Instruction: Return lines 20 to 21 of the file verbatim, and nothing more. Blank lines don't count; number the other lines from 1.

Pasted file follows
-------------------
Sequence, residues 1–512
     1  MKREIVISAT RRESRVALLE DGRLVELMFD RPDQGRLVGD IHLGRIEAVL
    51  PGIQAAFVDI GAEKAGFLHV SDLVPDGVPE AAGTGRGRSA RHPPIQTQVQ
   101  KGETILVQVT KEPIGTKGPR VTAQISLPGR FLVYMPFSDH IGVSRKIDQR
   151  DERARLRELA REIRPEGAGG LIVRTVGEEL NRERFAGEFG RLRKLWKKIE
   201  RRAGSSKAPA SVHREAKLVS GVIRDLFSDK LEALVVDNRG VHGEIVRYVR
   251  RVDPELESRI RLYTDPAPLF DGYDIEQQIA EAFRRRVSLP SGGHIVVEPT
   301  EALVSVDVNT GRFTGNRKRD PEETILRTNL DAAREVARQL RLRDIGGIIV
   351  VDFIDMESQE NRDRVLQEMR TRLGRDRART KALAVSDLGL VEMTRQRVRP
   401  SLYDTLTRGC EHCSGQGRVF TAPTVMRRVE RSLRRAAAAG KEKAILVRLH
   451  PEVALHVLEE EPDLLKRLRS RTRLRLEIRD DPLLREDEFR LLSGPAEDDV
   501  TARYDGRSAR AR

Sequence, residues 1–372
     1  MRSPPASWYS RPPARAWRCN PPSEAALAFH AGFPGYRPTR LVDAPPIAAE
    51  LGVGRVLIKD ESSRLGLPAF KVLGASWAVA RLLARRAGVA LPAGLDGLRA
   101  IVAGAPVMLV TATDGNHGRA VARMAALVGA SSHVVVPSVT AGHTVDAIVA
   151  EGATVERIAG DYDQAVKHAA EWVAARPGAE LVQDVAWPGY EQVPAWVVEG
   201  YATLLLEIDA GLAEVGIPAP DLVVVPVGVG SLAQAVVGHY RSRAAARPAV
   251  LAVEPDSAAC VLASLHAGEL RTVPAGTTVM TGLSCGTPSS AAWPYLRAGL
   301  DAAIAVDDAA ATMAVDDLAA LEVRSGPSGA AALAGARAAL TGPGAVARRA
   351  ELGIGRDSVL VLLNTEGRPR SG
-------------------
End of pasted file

   301  DAAIAVDDAA ATMAVDDLAA LEVRSGPSGA AALAGARAAL TGPGAVARRA
   351  ELGIGRDSVL VLLNTEGRPR SG